From the start it was something that took its time to unfold. Our first meeting about “The Possible” was over coffee with Larry Rinder, David Wilson, and Aimee Chang at the café tucked in the courtyard of Berkeley Art Museum. That was over a year ago— and now I can’t really remember how it came to be that we had been invited to sit and talk with them, I just remember that there we were, discussing the possibility of somehow being involved in a big, epic-sounding exhibition at BAM/PFA called “The Possible”. At that point the details concerning the exhibition were loose, undetermined, and somewhat speculative; there was obvious uncertainty about what it would be, but within that uncertainty there was remarkable curiosity and enthusiasm. I suppose that’s why we knew we had to say yes, though we had no idea what we were getting ourselves into.
Curated by David Wilson, “The Possible” is something of an experiment, operating on a grand yet informal scale it purposefully is unconcerned with showcasing finished objects, and instead offers a series of interdisciplinary encounters for visiting artists and museumgoers alike. The gallery spaces have been reconfigured into a series of work areas— there is a ceramics studio, a dye lab, print shop, and recording studio, and in this public forum, guest artists are invited to collaborate with one another, to explore new practices and processes, and to create work. The studios also function somewhat as classrooms during the series of Sunday Workshops, when audiences are invited to participate in discussions, performances, and field trips over the course of the exhibition, which runs until May 25th.
For a long while after our initial meeting with Larry, David, and Aimee we still didn’t know much about what “The Possible” would actually become and therefore we were unsure about how to approach our role in documenting the initial period of the exhibition. Even when we met with David right before “The Possible” opened in late January, when so many details had been nailed down and were now real enough to be put on a calendar… even by then, I don’t think we had a handle on what this exhibit was all about. I think David’s advice to us was something like, “ Don’t overthink it, just go with it.” And so we did— For the month of February Klea and I came to the museum on a regular basis to observe and document the early stages of the exhibition’s activity. The very first day we came, we didn’t do anything other than wander around and watch. I had come with my recorder and Klea with her camera, ready to interview and film… but immediately we knew we couldn’t just jump in like that, we had to let things sink in, we had to ease into the space and everything that was happening in it. Walking into “The Possible” is a bewildering experience— the various work spaces just exist, they aren’t really noticeably designated, and artists are working, with their heads down and their hands busy, and the building echoes with voices and sometimes music, and it’s easy to feel intimidated and uncertain. But then you realize you just have to kind of give yourself over to the experience and let yourself wander and naturally you begin to gravitate towards certain activities and the people involved.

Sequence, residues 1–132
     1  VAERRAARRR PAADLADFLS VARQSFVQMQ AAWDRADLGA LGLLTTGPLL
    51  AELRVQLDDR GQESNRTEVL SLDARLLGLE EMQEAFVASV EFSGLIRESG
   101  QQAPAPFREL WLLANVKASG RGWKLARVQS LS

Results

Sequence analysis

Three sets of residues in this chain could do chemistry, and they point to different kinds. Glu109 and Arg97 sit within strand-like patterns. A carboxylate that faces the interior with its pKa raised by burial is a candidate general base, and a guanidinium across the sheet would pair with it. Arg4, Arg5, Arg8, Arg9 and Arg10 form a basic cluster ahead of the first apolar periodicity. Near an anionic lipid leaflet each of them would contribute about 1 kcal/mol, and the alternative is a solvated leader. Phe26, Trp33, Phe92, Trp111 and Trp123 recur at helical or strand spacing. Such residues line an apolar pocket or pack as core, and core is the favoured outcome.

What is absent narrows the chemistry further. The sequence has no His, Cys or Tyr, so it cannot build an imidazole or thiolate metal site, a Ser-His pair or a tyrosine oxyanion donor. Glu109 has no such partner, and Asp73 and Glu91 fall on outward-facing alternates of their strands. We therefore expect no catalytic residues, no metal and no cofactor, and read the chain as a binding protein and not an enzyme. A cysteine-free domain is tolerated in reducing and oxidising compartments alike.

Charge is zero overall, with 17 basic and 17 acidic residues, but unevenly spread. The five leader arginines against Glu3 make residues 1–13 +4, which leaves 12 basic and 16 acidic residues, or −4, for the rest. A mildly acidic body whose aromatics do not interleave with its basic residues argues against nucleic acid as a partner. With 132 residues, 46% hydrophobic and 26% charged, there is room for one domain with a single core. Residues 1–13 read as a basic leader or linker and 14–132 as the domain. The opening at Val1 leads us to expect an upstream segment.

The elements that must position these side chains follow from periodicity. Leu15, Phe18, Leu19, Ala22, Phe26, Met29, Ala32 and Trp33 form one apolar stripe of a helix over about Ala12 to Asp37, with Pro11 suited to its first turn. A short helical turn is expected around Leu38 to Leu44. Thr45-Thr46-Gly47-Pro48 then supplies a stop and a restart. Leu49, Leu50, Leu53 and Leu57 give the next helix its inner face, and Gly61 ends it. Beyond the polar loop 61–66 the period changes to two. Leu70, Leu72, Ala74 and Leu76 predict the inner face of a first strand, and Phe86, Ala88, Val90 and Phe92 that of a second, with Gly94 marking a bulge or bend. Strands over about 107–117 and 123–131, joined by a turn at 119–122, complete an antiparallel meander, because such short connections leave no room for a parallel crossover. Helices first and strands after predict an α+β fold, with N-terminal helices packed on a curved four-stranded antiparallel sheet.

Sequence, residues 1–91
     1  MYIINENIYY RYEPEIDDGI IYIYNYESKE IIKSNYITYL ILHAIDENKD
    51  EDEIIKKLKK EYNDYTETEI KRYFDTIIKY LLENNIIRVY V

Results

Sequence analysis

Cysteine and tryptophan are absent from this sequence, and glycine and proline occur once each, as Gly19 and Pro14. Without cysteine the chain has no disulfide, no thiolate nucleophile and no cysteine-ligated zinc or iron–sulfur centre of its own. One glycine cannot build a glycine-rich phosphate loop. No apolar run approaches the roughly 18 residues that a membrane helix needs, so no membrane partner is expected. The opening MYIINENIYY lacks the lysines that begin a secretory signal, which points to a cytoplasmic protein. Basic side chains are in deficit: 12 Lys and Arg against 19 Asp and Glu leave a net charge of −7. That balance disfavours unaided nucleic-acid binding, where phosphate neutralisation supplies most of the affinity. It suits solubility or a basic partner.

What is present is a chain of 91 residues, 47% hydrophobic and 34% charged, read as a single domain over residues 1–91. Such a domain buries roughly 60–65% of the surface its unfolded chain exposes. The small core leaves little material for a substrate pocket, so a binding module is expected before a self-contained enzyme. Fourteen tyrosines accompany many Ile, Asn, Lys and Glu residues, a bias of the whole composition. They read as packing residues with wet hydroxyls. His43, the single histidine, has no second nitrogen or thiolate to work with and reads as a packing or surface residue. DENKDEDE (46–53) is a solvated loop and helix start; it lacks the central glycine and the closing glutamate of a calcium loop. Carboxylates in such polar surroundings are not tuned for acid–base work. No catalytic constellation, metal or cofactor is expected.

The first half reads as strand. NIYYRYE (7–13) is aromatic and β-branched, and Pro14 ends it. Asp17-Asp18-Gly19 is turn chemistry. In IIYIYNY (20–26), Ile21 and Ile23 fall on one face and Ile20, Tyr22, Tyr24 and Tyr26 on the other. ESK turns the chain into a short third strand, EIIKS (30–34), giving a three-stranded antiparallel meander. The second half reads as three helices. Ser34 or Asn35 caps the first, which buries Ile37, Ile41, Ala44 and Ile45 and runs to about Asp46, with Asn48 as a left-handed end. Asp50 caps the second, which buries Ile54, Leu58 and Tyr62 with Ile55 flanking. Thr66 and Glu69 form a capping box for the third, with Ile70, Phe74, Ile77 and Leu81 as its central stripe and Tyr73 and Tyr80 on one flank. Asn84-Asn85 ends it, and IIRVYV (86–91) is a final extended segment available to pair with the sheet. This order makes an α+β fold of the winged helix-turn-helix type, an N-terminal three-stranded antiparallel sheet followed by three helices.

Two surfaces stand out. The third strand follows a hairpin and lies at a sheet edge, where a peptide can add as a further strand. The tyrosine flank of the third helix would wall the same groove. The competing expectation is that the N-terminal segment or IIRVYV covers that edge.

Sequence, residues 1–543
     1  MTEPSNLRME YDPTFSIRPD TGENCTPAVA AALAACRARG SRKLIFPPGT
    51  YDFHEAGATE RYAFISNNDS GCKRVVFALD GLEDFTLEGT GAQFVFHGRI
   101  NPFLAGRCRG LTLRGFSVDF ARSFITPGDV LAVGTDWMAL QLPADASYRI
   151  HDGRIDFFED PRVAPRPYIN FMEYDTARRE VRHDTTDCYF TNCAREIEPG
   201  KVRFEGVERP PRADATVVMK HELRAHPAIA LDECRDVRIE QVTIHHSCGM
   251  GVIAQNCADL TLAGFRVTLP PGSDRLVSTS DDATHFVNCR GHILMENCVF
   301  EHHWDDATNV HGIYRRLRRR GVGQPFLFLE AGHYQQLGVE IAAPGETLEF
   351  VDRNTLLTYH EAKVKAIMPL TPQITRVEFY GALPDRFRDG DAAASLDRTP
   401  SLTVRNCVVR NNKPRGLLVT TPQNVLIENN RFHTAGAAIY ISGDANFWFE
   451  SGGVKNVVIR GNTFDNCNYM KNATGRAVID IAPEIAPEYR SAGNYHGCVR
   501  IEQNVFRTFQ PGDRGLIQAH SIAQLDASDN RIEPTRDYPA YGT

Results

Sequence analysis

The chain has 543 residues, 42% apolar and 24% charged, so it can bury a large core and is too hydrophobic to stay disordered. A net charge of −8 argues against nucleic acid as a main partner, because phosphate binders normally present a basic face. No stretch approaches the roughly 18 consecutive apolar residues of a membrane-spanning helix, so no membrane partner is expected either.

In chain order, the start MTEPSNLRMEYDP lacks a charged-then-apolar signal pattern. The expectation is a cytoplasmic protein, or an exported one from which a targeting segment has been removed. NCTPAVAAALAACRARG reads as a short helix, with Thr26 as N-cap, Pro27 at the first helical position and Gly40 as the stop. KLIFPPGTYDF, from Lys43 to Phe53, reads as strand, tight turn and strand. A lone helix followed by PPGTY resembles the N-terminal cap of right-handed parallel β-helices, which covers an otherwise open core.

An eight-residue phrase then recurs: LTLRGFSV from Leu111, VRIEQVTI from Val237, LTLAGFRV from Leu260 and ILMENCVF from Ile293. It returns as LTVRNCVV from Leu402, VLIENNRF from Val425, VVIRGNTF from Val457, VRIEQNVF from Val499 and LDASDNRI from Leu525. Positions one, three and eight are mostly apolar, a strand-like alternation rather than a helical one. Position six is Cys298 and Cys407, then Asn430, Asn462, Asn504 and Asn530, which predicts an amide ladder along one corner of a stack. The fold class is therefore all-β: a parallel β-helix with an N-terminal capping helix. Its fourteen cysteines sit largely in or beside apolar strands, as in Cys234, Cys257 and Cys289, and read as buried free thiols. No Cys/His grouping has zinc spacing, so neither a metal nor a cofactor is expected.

Everyone we met, both artists and visitors, were eager to talk about their experiences with “The Possible”— I think for many people the exhibit has felt special in it’s aberration from the norm and therefore has made a lasting impression. I think a lot of people are overwhelmed and confused by it, or at least initially, and many are also immediately thrilled and inspired. I think it’s interesting how an exhibit like “The Possible” which has so purposefully been laid bare and has done away with the typical luster of a museum show, can still feel inaccessible or intimidating. Certainly, I often felt overwhelmed by “The Possible”… mostly because it was never the same, each time I left it, I felt like I had to get to know it all over again when I came back, even if it was just the very next day. It’s the most unpredictable exhibit I have ever been to, perhaps in moments that makes it messy and difficult and hard to follow, but it also makes it truly alive, unfolding, knocking against what is and isn’t possible.